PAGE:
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Messages - Gothick

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1021
Was Quentin supposed to have a scar already in this scene? It's so long since I last watched the film I can't recall.

cheers, G.

1022
I'm probably misremembering, but I recall that the FAMOUS MONSTERS OF FILMLAND "filmbook" of this movie which had nearly the entire story set out in text and photos (so why bother to go see it, some may have asked) ended with the scene of Tracy screaming in the basement room.

I assume those captures are from the "blu ray."  I have to admit they look awesome.

G.

1023
I didn't read the article, and believe it or not, I was pretty much oblivious to that series when it was on.  I was living in a dorm room with no television set and pretty caught up in other things.  So, I had never heard that it was "based on" two real cops.  I kind of wonder to what degree it was "based on" anything since shows involving two cops on their beat seem as if they had already been with us a really long time--DRAGNET, ADAM-12 etc etc.

I presume Selby was a guest star on one of the shows and I would bet you dollars to doughnuts that whoever did that graphic is a DS fan...

G.

1024
Just catching up with this thread... that's a very cool capture of Carlotta hiding in the Tower, several entries back now.  I wish they had styled her hair to look really "wild" but for whatever reason she looks as composed as if she had just gotten up from her escritoire to check the day's menu.

Of course it takes A LOT to rile the hair of someone as hardcore as Miss Carlotta Drake...

G.

1025
Calendar Events / Announcements '16 II / Re: What the...
« on: November 28, 2016, 03:29:53 PM »
The nun vaguely recalls a character in another horror series or film but can't recall which one now.  I notice the Priest is wearing some kind of medallion that does not look at all like something the Church would hand out though, admittedly, I wasn't raised Catholic and a lot of the paraphernalia is simply out of scope for me.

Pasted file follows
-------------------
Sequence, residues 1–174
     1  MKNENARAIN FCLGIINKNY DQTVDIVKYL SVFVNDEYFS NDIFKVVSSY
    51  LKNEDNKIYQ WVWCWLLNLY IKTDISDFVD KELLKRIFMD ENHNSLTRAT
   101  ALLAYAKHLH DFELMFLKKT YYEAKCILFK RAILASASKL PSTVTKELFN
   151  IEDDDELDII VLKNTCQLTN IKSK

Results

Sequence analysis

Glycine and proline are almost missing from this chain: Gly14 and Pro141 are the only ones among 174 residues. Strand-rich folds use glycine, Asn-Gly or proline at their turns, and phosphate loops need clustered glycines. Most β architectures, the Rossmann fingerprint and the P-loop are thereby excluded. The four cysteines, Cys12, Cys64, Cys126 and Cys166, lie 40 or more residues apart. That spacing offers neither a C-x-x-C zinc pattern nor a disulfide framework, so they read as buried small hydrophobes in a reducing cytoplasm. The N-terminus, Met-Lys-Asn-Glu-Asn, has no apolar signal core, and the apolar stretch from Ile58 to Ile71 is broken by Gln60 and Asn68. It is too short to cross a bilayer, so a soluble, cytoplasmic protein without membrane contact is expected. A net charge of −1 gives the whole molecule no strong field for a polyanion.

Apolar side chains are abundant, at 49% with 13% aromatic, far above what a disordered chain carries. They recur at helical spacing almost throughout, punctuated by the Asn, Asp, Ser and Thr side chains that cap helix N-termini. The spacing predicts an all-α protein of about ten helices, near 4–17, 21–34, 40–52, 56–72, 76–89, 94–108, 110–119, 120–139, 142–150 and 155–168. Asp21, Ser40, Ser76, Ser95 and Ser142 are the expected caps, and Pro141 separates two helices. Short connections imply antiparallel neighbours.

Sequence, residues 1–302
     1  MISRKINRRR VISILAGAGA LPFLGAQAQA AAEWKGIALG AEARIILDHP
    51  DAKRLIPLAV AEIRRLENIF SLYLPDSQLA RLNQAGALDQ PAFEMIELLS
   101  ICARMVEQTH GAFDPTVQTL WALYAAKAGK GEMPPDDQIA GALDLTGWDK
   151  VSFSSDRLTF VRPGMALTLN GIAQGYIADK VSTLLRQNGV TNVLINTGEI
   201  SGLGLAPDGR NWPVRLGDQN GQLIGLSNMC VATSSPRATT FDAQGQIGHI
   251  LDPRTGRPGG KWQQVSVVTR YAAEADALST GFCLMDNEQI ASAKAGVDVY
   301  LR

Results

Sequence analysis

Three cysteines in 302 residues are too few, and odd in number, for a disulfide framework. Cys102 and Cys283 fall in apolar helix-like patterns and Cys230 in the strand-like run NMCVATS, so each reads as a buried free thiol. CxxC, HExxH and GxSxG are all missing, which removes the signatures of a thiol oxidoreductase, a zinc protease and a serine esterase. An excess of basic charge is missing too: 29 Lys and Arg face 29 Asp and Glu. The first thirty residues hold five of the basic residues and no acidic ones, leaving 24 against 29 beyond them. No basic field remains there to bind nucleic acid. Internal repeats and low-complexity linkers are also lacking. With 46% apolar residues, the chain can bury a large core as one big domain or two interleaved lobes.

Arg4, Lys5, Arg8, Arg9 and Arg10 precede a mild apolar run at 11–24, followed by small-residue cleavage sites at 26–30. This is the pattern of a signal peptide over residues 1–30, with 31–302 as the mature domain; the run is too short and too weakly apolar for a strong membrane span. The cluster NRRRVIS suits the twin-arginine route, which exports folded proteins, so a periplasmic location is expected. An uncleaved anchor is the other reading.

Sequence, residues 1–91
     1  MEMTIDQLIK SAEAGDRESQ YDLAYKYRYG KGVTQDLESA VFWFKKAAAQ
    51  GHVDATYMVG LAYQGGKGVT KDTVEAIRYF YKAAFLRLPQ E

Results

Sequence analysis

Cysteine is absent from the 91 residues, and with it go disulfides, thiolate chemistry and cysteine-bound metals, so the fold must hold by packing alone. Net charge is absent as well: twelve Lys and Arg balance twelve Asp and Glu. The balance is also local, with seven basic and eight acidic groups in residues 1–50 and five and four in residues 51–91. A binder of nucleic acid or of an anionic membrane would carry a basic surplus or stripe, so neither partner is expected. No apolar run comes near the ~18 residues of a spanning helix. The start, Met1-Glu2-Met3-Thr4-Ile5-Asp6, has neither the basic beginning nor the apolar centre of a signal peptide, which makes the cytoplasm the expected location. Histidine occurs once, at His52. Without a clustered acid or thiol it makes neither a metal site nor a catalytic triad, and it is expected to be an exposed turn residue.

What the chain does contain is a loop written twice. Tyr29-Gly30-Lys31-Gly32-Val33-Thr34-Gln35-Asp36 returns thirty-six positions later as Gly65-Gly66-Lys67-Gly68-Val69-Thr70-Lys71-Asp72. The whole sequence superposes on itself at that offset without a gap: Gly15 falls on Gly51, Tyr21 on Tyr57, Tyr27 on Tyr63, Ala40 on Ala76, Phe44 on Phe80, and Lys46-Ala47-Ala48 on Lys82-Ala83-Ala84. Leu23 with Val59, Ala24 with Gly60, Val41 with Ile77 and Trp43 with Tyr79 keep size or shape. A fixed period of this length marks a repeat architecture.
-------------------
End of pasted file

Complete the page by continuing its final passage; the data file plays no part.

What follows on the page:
Quite bizarre...

G.

1026
Calendar Events / Announcements '16 II / Re: OT: CHILD OF GLASS (1978)
« on: November 26, 2016, 03:55:24 AM »
As I said, I had never heard of it, so I found what he had to say about it interesting.  I'll have to let him know about David Hurst.  I don't know if the Conjure Doll has ever seen PT 1841. 

I was living in a dorm room without a television set in 1978 and had to walk all the way across campus if I wanted to see anything. So, I saw very little television that year, or generally during the period from 1976 through much of the 1980s.

G.

1027
Testing. 1, 2, 3... / Re: Selling Out
« on: November 26, 2016, 12:45:29 AM »
Hi Patti,

I checked google and found this page, which looks helpful:

http://www.skipmcgrath.com/articles/eBay-Frequently-Asked-Questions.shtml

Best wishes,

Gothic

1028
Calendar Events / Announcements '16 II / OT: CHILD OF GLASS (1978)
« on: November 25, 2016, 07:38:44 PM »
Fans, a friend sent me the short review pasted in below of the DS TV movie CHILD OF GLASS earlier today.

I had never heard of the film, and I thought what he had to say about it was quite interesting.

If nothing else, worthy of note since Denise Nickerson was involved.

Best,

G.

Review by the Conjure Doll:

A couple of days ago I revisited the Walt Disney made-for-tv movie CHILD OF GLASS, with an eye toward the elements it shares with DARK SHADOWS.  Shot in late 1977 and released in 1978, the film is nominally based on Richard Peck’s book THE GHOST BELONGED TO ME (but the adaptation is an extremely loose one).  The production is by no means a Disney version of DS.  However, I am of the firm opinion that its screenwriter, Jim Lawrence, was aware of DARK SHADOWS, and scavenged bits and pieces of it while crafting his adaptation of Peck’s novel.  In particular, he borrowed liberally from Sam Hall’s presentation of Sarah Collins. [Note by Gothick:  I think the ghost of Sarah character was originally created by Malcolm Marmorstein--I just wrote to the Conjure Doll and explained about this.  Sam did write some or all of the episodes involving Sarah as a little girl in 1795.]